A mysterious titanium orb has been discovered and appears to contain an as yet unidentified biological 'ooze', a scientist has claimed.
While the contents of the microscopic metal ball are unclear, an expert speaking to the Express has made headlines for claiming that it could contain alien genetic material.
This has led the scientists who made the discovery to theorise that it could be an alien 'seed' sent to Earth either to start life or -- rather more worryingly -- as a biological weapon.
Unsurprisingly, not everyone is convinced.
Professor Chandra Wickramasinghe, the director of the Buckingham Center for Astrobiology at the University of Buckingham, and Prof Milton Wainwright at the University of Sheffield described their new find in the Journal of Cosmology, which in the past has been criticised for publishing fringe theories.
Wainwright et al said they made the discovery during tests with atmospheric research balloons. (Wainwright has made similar claims before, after reporting in 2013 that one of his balloons returned to Earth coated in alien algae.)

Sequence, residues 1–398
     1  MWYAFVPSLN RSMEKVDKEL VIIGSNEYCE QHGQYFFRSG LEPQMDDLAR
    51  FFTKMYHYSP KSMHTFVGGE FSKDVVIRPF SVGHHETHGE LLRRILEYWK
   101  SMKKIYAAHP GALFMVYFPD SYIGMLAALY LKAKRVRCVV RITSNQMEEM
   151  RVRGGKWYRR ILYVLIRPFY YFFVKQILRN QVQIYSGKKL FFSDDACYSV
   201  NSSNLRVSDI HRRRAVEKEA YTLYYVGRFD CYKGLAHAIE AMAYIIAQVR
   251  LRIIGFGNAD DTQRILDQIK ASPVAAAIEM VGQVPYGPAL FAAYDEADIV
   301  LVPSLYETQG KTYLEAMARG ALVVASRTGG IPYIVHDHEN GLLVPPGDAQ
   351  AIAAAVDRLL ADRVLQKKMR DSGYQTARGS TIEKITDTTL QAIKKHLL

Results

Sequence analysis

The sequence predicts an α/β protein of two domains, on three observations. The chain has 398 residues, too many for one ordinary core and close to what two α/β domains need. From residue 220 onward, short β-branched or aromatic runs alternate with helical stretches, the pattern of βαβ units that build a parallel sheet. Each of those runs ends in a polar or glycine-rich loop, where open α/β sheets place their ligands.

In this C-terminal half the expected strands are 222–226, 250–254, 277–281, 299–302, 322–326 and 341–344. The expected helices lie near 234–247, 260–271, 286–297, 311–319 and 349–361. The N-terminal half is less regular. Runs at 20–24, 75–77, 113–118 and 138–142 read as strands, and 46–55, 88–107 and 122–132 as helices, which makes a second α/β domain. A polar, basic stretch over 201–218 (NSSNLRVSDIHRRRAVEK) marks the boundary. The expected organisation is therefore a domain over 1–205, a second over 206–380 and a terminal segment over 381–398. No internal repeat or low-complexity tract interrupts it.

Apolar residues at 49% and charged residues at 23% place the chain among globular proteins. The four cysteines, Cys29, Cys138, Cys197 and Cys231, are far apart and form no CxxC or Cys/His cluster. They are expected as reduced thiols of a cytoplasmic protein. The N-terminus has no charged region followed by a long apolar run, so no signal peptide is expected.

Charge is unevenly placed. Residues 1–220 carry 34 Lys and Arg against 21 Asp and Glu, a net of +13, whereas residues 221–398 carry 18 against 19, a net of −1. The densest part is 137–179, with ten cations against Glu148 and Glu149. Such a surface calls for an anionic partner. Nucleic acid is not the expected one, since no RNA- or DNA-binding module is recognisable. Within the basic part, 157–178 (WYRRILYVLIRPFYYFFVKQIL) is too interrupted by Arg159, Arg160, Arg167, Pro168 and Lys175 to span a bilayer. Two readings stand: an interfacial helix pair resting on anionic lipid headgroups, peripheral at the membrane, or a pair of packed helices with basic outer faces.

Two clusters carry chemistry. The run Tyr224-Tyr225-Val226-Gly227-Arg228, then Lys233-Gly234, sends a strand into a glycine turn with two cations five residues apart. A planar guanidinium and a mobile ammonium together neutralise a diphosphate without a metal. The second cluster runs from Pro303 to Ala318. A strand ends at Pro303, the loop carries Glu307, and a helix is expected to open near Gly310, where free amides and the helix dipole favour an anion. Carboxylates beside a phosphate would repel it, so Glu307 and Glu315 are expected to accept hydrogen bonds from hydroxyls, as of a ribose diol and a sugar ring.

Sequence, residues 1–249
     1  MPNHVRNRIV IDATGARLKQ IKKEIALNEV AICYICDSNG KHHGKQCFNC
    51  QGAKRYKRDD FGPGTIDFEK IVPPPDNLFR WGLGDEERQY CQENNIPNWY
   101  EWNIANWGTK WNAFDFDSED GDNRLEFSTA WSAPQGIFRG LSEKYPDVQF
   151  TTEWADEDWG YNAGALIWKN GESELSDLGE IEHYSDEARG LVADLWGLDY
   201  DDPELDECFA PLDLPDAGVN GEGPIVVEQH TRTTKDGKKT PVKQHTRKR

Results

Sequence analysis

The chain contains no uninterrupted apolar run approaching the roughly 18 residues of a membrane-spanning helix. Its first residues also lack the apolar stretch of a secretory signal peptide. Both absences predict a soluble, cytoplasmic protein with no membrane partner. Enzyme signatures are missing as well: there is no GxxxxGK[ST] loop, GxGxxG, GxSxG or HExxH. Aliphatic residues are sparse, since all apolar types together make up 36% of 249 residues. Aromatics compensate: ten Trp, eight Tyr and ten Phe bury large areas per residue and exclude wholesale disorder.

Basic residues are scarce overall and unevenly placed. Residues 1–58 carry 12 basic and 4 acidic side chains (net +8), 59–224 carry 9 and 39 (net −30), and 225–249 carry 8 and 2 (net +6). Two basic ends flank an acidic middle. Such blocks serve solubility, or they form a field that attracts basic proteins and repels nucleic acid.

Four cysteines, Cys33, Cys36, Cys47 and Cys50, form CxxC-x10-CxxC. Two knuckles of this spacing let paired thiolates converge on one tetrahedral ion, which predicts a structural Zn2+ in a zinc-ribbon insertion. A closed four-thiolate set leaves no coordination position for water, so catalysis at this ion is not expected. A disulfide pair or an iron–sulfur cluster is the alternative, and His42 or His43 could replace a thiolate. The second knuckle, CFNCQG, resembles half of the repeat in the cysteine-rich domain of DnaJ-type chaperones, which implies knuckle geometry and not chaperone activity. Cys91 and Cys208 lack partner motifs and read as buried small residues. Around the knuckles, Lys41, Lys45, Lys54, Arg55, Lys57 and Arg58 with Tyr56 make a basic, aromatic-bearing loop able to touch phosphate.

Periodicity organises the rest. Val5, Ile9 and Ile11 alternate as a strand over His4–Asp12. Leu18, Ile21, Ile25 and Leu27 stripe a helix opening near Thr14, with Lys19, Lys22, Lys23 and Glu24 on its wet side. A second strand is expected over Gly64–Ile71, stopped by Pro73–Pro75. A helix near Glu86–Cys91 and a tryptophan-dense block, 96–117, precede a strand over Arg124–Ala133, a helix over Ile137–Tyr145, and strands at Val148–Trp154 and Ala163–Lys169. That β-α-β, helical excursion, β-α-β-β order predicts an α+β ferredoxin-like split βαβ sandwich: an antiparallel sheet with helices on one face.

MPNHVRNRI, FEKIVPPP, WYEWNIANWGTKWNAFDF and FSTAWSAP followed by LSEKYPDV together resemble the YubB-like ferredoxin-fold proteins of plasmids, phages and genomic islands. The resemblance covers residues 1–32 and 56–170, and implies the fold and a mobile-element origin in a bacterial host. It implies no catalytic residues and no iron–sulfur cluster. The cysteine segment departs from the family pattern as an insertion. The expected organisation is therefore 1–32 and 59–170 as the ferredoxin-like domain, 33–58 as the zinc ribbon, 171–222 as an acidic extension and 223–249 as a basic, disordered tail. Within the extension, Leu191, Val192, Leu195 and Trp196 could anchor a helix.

The team said their balloon's sampler was hit by a microscopic particle with such force that it left an (also small) crater. This claim has been repeated more or less straightforwardly by the Mail and the Express.
Once back on Earth, the scientists say they were astonished to find that the sphere appeared to be made from a mix of titanium and vanadium -- and contained a "gooey biological material oozing from its centre".
Speaking to the Express, Professor Wainwright said that the discovery is an indicator that we are not alone in the universe, though he admits hard admissible evidence is elusive.
“We were stunned when X-ray analysis showed that the sphere is made up mainly of titanium, with a trace of vanadium. One theory is it was sent to Earth by some unknown civilisation in order to continue seeding the planet with life."
Unless of course we can find details of the civilisation that is supposed to have sent it in this respect it is probably an unprovable theory.”
Unsurprisingly, the lack of outcry from the science world indicates that this finding is a little more 'fringe' than it might first appear. While it's true that finding organic material high in the atmosphere is unusual and to an extent unexplained, there is no clear evidence that anything found up there is alien in origin.